Lawpath Blog
What Does It Mean When A Company Goes Into Receivership?

What Does It Mean When A Company Goes Into Receivership?

When debts are rising, start looking at solutions before it's too late.

18th December 2018

The closure of a business can be a sad time for everyone involved. This is especially going to be the case when a company struggles to repay its debts. Then, the company is insolvent and will go into receivership. The best measure for a company is to be proactive and not get ahead of itself when it comes to debt. Hence, the worst case scenario for bad debts is possible penalties, jail time and the closure of a company. In contrast, the best case scenario is the receiver sells a minimal amount of your assets and the company goes back to trading.


The process of going into receivership can cause hardships. The business will have debts that they can’t meet. This means the company goes into external administration. In other words, a third party is appointed to oversee the debt issue. This external administrator is a receiver. Then, when it comes to who gets paid back first, the order is set by the Corporations Act 2001 (Cth) part 5.2 onwards. The act also sets out the powers of the receiver. Hence, it comes down to preparation and control over your finances. If you want to protect your cash flow and management of debt you could engage a debt lawyer.

Types of Creditors

In the midst of external administration, there are different types of creditors. The first is a secured creditor. This means, when the bank or credit provider supplied the money, the also had a right to claim an asset if the loan failed. The other type is unsecured, where a creditor lends money without any right to an asset. Employees, according to the Corporations Act are a different group. They are similar to an unsecured creditor but they have claim to payments above unsecured creditors. Therefore, the employees would be claiming unpaid wages once the business is in receivership.


The receiver is going to go through and sell the company’s assets in order to pay back debts. Likewise, they will also investigate to see if any offences have occurred. If the company is doing really bad then the court may appoint a liquidator. Although the company is in receivership this doesn’t prevent more legal action. As the receiver generally is covering the secured debts, it would be the unsecured creditors taking legal action. The unsecured creditors could force the company into liquidation through the courts. Therefore, a liquidator will go through the selling off as much as they can of the company to pay back the unsecured loans.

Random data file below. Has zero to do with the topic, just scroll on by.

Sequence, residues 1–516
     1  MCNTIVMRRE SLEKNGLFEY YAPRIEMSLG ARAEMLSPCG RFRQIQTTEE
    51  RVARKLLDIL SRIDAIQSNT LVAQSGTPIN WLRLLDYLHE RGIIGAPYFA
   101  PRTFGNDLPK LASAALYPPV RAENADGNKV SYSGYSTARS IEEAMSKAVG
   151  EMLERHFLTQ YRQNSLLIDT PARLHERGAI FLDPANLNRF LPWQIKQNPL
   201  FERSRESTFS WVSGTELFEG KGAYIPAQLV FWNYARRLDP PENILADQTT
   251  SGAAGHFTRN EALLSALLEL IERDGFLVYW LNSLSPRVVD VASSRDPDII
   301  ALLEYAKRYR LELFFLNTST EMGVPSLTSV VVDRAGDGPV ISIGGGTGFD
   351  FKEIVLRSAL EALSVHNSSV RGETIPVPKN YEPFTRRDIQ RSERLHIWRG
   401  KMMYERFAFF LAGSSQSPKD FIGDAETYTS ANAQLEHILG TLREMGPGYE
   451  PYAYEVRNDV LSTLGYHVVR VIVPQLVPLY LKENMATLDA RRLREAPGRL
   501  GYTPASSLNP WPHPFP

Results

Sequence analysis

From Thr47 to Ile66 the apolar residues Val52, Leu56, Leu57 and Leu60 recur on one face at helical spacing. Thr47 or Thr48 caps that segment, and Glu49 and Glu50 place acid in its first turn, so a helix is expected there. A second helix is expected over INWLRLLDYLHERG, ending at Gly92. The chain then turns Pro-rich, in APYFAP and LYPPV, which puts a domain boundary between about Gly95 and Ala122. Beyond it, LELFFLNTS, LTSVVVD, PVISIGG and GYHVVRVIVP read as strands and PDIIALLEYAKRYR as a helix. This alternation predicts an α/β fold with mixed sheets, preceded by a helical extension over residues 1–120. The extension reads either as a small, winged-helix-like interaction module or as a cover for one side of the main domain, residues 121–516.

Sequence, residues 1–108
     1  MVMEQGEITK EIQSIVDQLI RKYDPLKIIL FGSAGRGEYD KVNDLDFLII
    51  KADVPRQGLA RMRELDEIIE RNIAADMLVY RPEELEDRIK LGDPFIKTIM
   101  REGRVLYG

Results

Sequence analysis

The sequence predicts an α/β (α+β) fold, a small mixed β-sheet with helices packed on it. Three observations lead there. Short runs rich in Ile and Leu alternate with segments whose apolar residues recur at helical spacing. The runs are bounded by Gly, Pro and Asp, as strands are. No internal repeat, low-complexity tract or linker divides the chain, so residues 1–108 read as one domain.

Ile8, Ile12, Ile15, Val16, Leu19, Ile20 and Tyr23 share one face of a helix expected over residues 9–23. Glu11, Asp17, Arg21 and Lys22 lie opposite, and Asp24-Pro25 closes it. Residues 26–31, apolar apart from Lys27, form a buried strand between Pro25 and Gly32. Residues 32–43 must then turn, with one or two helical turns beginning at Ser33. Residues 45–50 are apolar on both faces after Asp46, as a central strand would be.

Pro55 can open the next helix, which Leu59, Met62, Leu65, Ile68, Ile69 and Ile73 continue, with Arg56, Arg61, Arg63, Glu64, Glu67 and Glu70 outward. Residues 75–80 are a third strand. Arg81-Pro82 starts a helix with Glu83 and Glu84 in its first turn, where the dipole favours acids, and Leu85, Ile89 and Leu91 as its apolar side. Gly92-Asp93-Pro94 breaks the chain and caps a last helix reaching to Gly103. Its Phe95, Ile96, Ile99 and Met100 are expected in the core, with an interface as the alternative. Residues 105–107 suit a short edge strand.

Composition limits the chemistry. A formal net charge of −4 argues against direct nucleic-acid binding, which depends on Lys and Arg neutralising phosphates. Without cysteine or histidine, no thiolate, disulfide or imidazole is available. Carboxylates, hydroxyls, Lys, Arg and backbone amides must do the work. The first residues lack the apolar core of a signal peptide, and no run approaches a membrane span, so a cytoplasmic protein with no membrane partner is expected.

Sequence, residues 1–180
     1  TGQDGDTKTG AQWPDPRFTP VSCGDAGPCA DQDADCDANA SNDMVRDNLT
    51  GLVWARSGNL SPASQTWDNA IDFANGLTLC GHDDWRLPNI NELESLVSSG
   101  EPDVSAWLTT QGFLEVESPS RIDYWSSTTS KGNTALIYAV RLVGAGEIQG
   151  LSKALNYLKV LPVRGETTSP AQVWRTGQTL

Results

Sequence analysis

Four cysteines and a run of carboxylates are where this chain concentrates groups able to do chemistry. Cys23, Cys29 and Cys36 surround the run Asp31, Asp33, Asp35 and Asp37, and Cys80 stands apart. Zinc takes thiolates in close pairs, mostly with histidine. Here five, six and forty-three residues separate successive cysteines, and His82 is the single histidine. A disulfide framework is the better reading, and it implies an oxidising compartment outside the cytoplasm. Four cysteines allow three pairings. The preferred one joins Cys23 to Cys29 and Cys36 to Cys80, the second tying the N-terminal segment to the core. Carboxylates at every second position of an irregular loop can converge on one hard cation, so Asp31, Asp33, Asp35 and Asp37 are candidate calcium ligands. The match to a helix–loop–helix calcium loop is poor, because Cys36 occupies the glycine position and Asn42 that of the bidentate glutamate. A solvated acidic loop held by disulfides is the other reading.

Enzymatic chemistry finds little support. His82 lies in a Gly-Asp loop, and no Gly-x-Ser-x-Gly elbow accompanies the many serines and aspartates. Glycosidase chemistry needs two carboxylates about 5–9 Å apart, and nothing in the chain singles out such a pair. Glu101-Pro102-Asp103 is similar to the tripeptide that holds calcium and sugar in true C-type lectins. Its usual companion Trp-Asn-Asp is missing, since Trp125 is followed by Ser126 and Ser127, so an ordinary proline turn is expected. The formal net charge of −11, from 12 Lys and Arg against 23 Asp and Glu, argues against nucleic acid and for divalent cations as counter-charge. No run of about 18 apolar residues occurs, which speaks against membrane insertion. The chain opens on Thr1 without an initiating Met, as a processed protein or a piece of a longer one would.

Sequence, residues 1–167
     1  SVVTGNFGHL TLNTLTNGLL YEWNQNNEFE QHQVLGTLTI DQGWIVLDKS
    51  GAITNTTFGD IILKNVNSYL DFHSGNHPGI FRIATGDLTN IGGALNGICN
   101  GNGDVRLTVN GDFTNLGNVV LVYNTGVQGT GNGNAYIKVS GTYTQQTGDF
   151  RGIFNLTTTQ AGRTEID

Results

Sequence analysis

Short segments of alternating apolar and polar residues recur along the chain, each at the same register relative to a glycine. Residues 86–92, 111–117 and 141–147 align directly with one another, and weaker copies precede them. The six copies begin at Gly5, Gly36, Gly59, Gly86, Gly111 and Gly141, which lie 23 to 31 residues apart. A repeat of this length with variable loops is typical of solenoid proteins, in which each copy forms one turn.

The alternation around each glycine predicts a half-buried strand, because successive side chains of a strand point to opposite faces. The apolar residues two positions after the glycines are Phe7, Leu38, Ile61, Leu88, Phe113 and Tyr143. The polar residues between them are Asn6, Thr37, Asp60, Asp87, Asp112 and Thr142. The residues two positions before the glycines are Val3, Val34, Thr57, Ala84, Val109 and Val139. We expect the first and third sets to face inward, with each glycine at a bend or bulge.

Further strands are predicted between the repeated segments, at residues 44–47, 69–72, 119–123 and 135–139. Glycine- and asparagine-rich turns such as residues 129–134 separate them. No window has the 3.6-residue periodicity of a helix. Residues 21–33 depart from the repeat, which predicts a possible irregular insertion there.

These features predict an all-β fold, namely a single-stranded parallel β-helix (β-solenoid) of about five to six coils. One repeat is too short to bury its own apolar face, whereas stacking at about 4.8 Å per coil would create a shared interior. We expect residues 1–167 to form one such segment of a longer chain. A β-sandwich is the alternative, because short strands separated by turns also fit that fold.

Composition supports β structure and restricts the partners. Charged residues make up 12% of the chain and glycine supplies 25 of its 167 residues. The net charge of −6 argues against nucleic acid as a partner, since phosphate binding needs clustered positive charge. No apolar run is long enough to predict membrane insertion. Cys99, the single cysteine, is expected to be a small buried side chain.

The Directors

Throughout the process of receivership and liquidation, the directors still exist and so does the company. However, the receiver limits their powers over the control of assets. Although, at the end of the process, any remaining assets and money will go back to the company. Therefore, a company could technically survive a receivership and go back to normal trading. If you’re running a business and you find accounts are really dragging in repaying you could use a letter of demand.


As a company stay up-to-date with debt. The last thing you would want to experience is the pain, limitations and restrictions around the process of receivership. This means setting accurate and realistic budgets. Then putting spending and policy measures in place for the first signs of not meeting debts. As always the best solution is not to go into receivership.

Still Unsure? Contact a LawPath consultant on 1800 529 728 to learn more about customising legal documents and obtaining a fixed-fee quote from Australia’s largest legal marketplace.

Justin Pasqualino

Justin is a legal intern at Lawpath as part of the content team. He is currently studying a Bachelor of Laws and a Bachelor of Economics at UTS.